Target date funds get better and bigger, report finds

October 18, 2011

Target date funds are getting better – and that’s good news, because they’re also becoming the 800-pound gorilla of the workplace retirement saving scene.

The use of these funds, which invest in a mix of assets with the aim of reducing equity exposure as participants approach retirement, has accelerated sharply in recent years, due in large measure to the growth of auto-enrollment options in workplace plans.

Brightscope/Target Date Analytics reports that the TDFs account for 10 percent of total invested assets in retirement plans, a figure that is expected to hit over 28 percent by 2020. And Vanguard reported recently that 79 percent of the plans it administers offered TDFs last year, up from 13 percent as recently as 2004. Likewise, 42 percent of Vanguard plan participants used TDFs last year, up from just 2 percent in 2004.

But they’ve been criticized for maintaining levels of equity exposure too high for older investors, and for steep fees. Yet a study released Tuesday by Brightscope and Target Date Analytics reveals target date funds are improving their performance in both of those areas.

The study finds that the industry is moving toward a more conservative posture on the critical issue of fund series glidepaths – that is, the year targeted for the lowest exposure to equities. “Funds can take very different approaches to the glidepath,” explained Brooks Herman, Brightscope’s head of research. “Sometimes the landing date can be many years past the target date in the fund name.”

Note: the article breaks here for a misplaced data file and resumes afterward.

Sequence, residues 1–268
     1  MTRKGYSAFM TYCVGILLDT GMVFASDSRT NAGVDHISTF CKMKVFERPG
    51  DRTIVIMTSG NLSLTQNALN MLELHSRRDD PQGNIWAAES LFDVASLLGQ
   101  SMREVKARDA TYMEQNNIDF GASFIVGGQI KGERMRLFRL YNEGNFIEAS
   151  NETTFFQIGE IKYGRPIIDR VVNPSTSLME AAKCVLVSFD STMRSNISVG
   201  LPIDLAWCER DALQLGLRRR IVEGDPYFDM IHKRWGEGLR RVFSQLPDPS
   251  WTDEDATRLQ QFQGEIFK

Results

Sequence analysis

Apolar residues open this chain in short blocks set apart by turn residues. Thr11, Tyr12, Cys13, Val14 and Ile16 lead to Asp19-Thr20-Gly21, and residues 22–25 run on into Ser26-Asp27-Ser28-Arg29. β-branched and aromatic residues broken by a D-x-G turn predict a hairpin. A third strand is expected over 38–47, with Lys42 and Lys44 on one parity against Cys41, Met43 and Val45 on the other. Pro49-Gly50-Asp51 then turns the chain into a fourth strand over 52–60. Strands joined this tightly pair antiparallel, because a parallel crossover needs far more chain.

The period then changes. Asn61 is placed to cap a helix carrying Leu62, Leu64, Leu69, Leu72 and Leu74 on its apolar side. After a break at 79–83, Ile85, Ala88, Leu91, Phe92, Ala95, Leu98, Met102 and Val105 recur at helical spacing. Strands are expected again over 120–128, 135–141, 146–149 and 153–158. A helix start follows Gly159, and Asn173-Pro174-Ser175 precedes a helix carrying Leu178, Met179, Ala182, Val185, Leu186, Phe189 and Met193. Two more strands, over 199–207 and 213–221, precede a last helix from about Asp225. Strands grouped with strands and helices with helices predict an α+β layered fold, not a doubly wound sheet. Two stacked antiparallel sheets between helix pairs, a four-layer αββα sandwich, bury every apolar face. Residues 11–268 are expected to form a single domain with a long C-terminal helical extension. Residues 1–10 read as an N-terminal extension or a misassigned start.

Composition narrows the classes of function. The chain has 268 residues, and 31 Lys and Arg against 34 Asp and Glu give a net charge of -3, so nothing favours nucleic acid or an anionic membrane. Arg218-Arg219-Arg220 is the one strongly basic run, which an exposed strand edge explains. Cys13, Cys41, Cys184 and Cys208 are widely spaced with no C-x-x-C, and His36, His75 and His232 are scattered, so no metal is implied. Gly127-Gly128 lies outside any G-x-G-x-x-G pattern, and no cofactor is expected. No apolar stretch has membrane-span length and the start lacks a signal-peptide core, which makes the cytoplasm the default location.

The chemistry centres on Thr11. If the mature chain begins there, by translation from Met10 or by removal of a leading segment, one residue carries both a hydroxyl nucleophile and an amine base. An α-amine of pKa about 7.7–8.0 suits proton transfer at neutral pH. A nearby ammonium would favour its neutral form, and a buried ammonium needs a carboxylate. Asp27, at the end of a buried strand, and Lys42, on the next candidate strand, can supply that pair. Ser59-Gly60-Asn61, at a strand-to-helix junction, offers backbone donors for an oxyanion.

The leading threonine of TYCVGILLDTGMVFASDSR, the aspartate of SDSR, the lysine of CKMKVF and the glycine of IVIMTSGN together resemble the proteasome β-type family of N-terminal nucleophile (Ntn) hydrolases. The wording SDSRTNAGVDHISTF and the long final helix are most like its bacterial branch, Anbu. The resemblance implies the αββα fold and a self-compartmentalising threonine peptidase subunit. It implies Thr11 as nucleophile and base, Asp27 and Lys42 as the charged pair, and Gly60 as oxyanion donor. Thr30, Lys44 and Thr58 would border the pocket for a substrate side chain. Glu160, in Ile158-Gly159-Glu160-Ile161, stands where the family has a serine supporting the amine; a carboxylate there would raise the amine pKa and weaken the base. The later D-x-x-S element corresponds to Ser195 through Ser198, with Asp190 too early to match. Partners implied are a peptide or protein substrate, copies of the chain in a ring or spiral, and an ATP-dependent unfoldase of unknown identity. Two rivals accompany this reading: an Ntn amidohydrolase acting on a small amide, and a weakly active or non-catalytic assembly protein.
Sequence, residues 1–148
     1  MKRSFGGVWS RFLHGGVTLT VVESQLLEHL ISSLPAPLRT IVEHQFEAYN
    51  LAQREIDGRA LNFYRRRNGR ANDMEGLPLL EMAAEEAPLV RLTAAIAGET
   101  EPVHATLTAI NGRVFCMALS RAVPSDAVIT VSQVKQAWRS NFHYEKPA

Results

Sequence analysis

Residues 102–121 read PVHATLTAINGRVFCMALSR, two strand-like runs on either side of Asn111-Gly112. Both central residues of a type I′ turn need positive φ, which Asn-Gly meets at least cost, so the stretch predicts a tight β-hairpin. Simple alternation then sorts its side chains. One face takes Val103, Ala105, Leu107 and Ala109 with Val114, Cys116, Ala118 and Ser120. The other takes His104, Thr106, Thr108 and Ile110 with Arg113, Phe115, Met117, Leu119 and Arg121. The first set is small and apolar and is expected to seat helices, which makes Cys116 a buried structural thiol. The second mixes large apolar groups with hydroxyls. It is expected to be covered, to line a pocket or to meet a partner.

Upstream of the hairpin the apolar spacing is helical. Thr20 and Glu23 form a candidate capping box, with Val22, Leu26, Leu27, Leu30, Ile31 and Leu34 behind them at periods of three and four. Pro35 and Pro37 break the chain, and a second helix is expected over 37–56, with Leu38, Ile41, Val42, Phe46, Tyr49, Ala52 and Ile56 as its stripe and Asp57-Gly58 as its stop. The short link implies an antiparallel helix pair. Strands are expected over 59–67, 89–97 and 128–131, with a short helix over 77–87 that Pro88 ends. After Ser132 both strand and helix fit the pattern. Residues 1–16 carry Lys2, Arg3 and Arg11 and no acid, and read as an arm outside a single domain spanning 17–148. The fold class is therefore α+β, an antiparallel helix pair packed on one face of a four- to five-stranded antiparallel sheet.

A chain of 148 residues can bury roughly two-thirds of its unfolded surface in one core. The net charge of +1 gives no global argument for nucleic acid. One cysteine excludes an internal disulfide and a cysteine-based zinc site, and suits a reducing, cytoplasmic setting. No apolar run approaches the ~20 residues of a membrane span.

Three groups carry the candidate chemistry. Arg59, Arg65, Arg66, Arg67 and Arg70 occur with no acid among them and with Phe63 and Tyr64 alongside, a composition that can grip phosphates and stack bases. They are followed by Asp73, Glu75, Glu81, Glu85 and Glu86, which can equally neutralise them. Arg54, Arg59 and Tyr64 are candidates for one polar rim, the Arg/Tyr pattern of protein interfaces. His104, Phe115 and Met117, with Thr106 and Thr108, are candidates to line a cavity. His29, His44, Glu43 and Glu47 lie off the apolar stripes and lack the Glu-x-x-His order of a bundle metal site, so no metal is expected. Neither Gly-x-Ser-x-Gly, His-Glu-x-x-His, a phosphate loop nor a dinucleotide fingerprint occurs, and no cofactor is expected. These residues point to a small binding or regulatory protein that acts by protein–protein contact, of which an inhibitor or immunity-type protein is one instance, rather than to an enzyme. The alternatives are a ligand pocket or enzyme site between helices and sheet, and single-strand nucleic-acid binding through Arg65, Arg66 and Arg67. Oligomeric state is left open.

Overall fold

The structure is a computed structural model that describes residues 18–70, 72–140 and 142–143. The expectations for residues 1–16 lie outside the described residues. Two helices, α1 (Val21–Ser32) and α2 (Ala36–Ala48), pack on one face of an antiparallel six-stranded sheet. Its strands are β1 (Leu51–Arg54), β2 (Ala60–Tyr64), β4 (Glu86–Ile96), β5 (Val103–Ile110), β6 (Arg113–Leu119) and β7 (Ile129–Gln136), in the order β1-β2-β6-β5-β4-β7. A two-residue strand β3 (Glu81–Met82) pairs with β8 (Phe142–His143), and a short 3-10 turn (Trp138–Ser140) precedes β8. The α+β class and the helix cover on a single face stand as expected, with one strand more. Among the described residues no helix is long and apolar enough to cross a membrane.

The Brightscope/Target Data Analytics study finds that 40 percent of TDFs are now using a “to versus through” approach to glidepath, up from 30 percent as recently as 2007. That means the most conservative asset allocation is reached in the year of the fund series name. “We like that, because it’s truth in advertising,” Herman said. “As an investor, I know what I’m getting.”

The study’s glidepath findings are consistent with an analysis by Morningstar for Reuters Money back in August, which found that losses during the summer market meltdown were far less severe for 2010 and 2015 TDF series than losses were for those funds in 2008.

The report also finds that fees have fallen in the past year, but remain “too high.” While institutional funds had average expense ratios of 75 basis points, moves by Vanguard to introduce TDFs that charge an industry-low 18 basis points prompted Fidelity Investments and TIAA-CREF to respond by introducing funds with expense ratios of 19 basis points. “That is a real reaction to what Vanguard is doing,” Herman said.

The Brightscope and Target Date Analytics study grades target date series on five criteria, including performance, fees, risk, organizational structure and strategy. Researchers analyzed 48 fund series, but graded only 38; those were the fund series old enough to have three years of operating performance data.

The top-rated fund family is American Century Investments’ Livestrong Portfolios. Four other fund series received an “A” grade: Wells Fargo Advantage, MFS Lifetime, J.P. Morgan SmartRetirement and Vanguard Target Retirement. Another seven funds received “B” grades.

Details of the Brightscope/Target Date Analytics report — “Popping the Hood” — won’t be released generally, as it is being marketed to plan sponsors, asset managers and advisers. The researchers also are happy to sell it to anyone else willing to pay its $1,200 price tag.

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